Book Excerpt: Visual Basic 2005 with .NET 3.0 Programmer's Reference
Find out how to develop VB.NET applications on Vista using .NET 3.0. Chapter 24, "Printing," covers a topic that nearly every developer needs, but few understand well.
by Rod Stephens
Mar 12, 2008
ith this completely up-to-date tutorial and reference, you'll quickly learn how to develop Visual Basic (VB) programs that leverage the latest features of Vista and .NET 3.0. The tutorial section walks you through VB.NET from scratch, providing you with in-depth descriptions of the development environment, basic program syntax, and standard controls. You'll also explore the fundamental concepts in object-oriented programming with VB.
In the comprehensive reference section, you'll find out how to take advantage of specific VB features. Expert Rod Stephens shows you how to draw images, use GDI+ routines, and generate printed output. You'll also discover how to build an application that interacts with its environment, save and load data in external sources, and use standard dialog controls. This approach makes it easier than ever to learn this powerful language and create your own dynamic programs.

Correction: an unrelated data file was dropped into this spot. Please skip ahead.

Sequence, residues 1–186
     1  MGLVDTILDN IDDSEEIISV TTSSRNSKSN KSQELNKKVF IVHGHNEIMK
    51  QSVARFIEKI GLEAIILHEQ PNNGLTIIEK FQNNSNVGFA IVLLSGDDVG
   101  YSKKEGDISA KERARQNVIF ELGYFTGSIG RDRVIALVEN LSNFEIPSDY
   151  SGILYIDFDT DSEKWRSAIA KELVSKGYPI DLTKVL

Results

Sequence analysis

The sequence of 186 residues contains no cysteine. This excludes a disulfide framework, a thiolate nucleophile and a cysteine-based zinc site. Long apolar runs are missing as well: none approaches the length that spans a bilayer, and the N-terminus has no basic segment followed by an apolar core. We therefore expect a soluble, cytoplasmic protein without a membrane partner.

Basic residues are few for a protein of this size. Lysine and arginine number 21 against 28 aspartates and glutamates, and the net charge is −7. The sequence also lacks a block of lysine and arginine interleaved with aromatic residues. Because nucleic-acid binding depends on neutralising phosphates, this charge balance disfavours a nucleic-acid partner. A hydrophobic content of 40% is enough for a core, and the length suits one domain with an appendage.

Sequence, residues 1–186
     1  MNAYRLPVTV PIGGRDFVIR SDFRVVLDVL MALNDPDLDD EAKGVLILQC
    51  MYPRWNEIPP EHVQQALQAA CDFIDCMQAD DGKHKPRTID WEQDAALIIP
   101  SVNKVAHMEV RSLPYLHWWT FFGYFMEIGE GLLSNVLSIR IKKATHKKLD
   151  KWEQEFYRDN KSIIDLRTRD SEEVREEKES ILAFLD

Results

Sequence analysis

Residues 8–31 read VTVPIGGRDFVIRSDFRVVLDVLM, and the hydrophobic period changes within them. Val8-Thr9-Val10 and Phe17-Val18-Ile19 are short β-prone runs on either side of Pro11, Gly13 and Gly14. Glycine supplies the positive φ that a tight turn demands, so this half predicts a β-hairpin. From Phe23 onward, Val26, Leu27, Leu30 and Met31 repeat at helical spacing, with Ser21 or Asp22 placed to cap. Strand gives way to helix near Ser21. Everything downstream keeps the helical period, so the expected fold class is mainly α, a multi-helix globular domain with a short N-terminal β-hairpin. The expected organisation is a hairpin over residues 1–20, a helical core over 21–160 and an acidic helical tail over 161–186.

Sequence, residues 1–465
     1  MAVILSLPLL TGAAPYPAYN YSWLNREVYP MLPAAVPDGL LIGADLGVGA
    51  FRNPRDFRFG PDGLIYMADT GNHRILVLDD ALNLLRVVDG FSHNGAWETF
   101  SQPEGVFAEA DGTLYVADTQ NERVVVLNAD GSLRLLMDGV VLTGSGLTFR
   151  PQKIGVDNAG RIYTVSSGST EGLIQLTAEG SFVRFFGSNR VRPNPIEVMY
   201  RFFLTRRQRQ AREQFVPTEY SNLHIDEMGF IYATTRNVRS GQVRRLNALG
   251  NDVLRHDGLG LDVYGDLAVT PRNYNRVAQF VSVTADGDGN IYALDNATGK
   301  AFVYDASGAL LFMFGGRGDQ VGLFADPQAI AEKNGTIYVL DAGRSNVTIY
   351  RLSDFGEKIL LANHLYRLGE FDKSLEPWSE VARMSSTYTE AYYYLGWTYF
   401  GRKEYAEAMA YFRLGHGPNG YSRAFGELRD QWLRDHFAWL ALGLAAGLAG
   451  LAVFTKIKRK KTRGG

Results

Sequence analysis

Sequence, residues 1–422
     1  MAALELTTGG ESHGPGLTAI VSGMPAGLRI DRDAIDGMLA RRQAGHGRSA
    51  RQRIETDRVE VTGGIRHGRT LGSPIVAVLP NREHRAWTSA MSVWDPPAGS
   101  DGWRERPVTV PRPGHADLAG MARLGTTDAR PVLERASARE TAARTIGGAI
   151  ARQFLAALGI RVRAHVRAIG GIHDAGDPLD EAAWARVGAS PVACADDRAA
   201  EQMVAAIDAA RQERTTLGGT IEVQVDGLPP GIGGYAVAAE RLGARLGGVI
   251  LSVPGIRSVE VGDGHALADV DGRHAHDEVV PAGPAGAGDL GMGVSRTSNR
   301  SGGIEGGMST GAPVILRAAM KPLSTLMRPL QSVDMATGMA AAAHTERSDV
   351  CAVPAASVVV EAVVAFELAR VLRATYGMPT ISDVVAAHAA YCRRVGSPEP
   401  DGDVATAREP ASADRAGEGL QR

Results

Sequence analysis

The book covers:
The best methods for mastering the new features of VB.NET
Steps to implement custom controls
How to create drag-and-drop operations
A rich exploration of .NET issues such as scoping, declaring events, and shared variables and methods
Strategies for creating specialized classes that simplify working with specific data types
Developing XAML-based (WPF) interfaces
Techniques for building service-oriented applications using the Windows Communication Foundation (WCF)
Rod Stephens is a consultant and author who has written more than a dozen books and two hundred magazine articles, mostly about Visual Basic. During his career he has worked on an eclectic assortment of applications for repair dispatch, fuel tax tracking, professional football training, wastewater treatment, geographic mapping, and ticket sales. His VB Helper web site receives more than 7 million hits per month and provides three newsletters and thousands of tips, tricks, and examples for Visual Basic programmers.